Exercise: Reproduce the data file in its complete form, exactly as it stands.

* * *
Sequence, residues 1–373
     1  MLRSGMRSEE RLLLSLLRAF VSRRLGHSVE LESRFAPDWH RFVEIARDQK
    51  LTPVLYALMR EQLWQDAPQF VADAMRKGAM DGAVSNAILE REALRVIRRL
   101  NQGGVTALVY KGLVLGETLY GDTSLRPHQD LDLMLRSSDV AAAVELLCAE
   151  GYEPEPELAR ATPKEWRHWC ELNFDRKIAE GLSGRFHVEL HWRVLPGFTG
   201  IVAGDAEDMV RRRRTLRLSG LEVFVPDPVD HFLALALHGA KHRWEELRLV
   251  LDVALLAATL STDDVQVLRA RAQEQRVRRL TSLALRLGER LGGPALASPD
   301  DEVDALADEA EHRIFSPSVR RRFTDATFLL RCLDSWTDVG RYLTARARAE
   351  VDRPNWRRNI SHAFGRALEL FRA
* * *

Sequence, residues 1–373
     1  MLRSGMRSEE RLLLSLLRAF VSRRLGHSVE LESRFAPDWH RFVEIARDQK
    51  LTPVLYALMR EQLWQDAPQF VADAMRKGAM DGAVSNAILE REALRVIRRL
   101  NQGGVTALVY KGLVLGETLY GDTSLRPHQD LDLMLRSSDV AAAVELLCAE
   151  GYEPEPELAR ATPKEWRHWC ELNFDRKIAE GLSGRFHVEL HWRVLPGFTG
   201  IVAGDAEDMV RRRRTLRLSG LEVFVPDPVD HFLALALHGA KHRWEELRLV
   251  LDVALLAATL STDDVQVLRA RAQEQRVRRL TSLALRLGER LGGPALASPD
   301  DEVDALADEA EHRIFSPSVR RRFTDATFLL RCLDSWTDVG RYLTARARAE
   351  VDRPNWRRNI SHAFGRALEL FRA